A Government inquiry into the 2017 breach of the Marsden Point to Auckland fuel pipeline recommends building new fuel storage facilities near Auckland Airport and legislation to allow the Government to step-in if required.
The report says the events that followed the rupture of the Refining NZ pipeline, which was shut down for 10 days, showed the lack of back up infrastructure and contingency planning for the supply of jet fuel. It says any upgrades are still only at a preliminary stage, and argues fuel companies have failed to make timely investments to achieve and maintain an appropriate level of resilience in the supply chain.
The Marsden Point to Auckland pipeline supplies almost all of Auckland’s diesel and petrol, and is the only major supply of jet fuel to Auckland Airport. Three major fuel companies (BP, Mobil, and Z Energy) control, or have exclusive use of it through a complex series of joint ventures and commercial agreements.
In 2014 a contractor looking for swamp kauri with a digger on a property in Ruakaka damaged the line. But it wasn’t until nearly three years later that the pipeline actually ruptured and set off a chain of events as the fuel industry attempted to reduce the impact it had on the supply of petrol, diesel and jet fuel to Auckland.
Impact on supply
The inquiry report says the fuel companies were able to transport petrol and diesel to the city by truck from other parts of the country.
“The stocks of ground fuels (the different grades of petrol and diesel) already in Auckland, along with supplies brought in by truck from Marsden Point and the Port of Tauranga, proved adequate to keep industry and fuel retailers supplied. A small number of retail petrol stations ran out of some of the more specialised stock towards the end of the outage.”
However, there was no similar alternative source for jet fuel which requires its own facilities, such as storage tanks, valves, pumps, and trucks. And Auckland Airport was hit the hardest.
“The fuel companies rationed the airlines to 30% of their normal usage from Sunday 17 September. The airlines took steps such as flying in aeroplanes full of fuel without passengers, filling up at nearby airports (for example, in Christchurch, the east coast of Australia, and some Pacific islands), reducing the weight on planes by postponing cargo, and cancelling some flights.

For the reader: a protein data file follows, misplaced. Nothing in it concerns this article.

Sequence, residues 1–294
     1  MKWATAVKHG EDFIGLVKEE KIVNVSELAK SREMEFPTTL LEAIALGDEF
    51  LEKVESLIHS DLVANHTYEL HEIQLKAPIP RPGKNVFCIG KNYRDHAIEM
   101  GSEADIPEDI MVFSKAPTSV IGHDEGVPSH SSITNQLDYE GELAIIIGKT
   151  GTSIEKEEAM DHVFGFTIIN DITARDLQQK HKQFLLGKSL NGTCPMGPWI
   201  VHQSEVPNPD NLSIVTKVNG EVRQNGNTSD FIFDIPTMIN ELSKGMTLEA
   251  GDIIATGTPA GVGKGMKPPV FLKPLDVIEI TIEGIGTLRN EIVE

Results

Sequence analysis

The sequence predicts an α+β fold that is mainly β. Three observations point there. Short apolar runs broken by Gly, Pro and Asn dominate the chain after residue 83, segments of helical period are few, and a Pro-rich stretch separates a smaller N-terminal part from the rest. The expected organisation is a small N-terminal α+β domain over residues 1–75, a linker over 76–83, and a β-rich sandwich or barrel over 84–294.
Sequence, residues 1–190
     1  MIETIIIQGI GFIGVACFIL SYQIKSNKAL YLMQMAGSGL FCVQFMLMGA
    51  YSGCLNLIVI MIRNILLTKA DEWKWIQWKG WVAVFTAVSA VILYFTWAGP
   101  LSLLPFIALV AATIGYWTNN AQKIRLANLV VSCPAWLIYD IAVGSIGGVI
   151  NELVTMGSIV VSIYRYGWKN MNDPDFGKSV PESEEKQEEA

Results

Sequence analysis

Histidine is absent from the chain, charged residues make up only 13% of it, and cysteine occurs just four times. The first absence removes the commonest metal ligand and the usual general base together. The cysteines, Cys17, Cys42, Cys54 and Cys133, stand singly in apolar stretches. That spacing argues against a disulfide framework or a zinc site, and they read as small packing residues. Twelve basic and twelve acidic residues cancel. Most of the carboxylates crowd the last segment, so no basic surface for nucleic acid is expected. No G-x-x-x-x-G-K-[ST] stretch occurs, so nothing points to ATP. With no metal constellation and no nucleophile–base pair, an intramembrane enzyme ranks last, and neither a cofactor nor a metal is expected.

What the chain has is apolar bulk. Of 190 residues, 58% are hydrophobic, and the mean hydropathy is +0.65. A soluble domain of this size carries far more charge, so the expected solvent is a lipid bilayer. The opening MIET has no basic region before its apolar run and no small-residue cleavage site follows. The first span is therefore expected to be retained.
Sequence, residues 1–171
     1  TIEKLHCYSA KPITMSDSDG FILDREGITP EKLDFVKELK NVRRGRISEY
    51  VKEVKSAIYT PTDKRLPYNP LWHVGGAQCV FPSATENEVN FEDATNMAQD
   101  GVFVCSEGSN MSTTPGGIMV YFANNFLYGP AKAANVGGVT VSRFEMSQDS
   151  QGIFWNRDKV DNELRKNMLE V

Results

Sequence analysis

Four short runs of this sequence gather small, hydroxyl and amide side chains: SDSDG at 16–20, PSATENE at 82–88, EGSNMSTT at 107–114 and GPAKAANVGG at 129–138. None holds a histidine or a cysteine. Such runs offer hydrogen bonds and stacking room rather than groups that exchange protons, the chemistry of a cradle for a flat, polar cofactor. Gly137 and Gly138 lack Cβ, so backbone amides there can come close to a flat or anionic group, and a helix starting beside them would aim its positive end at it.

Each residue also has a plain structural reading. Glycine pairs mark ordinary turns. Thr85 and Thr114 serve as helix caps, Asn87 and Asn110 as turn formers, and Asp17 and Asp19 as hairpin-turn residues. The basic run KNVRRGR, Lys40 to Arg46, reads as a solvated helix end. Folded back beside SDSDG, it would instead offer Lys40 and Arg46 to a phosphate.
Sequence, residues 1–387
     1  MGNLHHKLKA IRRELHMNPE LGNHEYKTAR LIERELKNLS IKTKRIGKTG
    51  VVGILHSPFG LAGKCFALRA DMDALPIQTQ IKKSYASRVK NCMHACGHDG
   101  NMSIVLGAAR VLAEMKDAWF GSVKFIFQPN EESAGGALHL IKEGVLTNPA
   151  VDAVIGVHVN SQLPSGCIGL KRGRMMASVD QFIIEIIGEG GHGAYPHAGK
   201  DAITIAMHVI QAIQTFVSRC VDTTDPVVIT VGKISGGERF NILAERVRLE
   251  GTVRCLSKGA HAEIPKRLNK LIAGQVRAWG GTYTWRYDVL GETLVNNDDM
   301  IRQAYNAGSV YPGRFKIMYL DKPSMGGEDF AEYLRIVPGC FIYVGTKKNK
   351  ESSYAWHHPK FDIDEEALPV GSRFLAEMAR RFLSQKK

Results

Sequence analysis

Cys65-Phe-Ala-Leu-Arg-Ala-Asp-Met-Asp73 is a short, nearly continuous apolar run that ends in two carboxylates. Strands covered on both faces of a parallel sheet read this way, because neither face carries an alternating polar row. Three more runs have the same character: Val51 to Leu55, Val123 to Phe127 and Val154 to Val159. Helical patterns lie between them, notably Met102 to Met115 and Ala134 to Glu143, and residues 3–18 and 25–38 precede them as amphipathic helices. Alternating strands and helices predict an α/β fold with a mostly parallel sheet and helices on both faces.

“All these steps to reduce the impact came at a cost. Some of the travelling public were inconvenienced and some businesses suffered significant losses. Even so, the outage was over within 10 days and the city quickly returned to normal.”
Need for improved infrastructure
It says that in the process of completing the inquiry they discussed with the fuel companies what contingency plans they were working on and if they were planning to upgrade the necessary infrastructure. But it says any upgrades are still only at a preliminary stage.
“In our view, the fuel companies have failed to make timely investments to achieve and maintain the level of resilience in the supply chain that we regard as appropriate. BP told us that it disagrees with this view, because it considers that a cost-benefit analysis of the specific options should be completed before finalising a view on the appropriate resilience standards.”
The report calls for the Auckland Airport to regularly update its demand forecasts and to share them with the fuel suppliers, airlines, officials and other interested parties. It also recommends that the airport should establish a jet fuel supply coordination forum, similar to the one operating at Brisbane Airport, to share information on “capacity constraints and pressure points, demand forecasts, linkages, security of supply, and investment plans”.
The report also calls for a commitment from the fuel sector to build new infrastructure to improve the diversity of supply with new storage facilities at or near Auckland Airport to provide at least 10 days’ cover at 80% of operations.
“The fuel sector should provide information on progress towards these decisions to all those with an interest (in particular, Auckland Airport, the airlines, and the Government).”
Legislation allowing the Government to step-in advised
And it also says the Government should begin work on legislation to allow it to step in “should the fuel sector not be able to adequately take into account the public interest in resilience when making investment decisions relating to fuel infrastructure”.
“The incident raised awareness and was a reminder that the fuel supply chain infrastructure is nationally critical infrastructure.”
But the situation is complicated by the fact the fuel supply chain is owned by the three major fuel companies (BP, Mobil, and Z Energy), with limited Government oversight or ability to intervene.
“The infrastructure we have has been able to meet demand to date largely because of investments made in previous decades. As a market-led system, investment decisions seem to have been focused on meeting the demand curve on a “just in time” basis. This may not take adequate account of the interests of the wider community and stakeholders in maintaining a system with greater resilience to withstand rapid increases in demand or events that disrupt supply."
And the industry may not be willing to make the necessary investment.
“Most of the fuel companies agreed with the forecast growth of jet fuel demand. However, in our interactions with them, some were slow to link those forecasts to a need for further investment in infrastructure and to share information about their thinking on investment possibilities. The complexity of the ownership and joint venture structures, and the confidentiality arrangements between the different parts of the supply chain, made it challenging to have visibility and allow us to have confidence about future investment plans."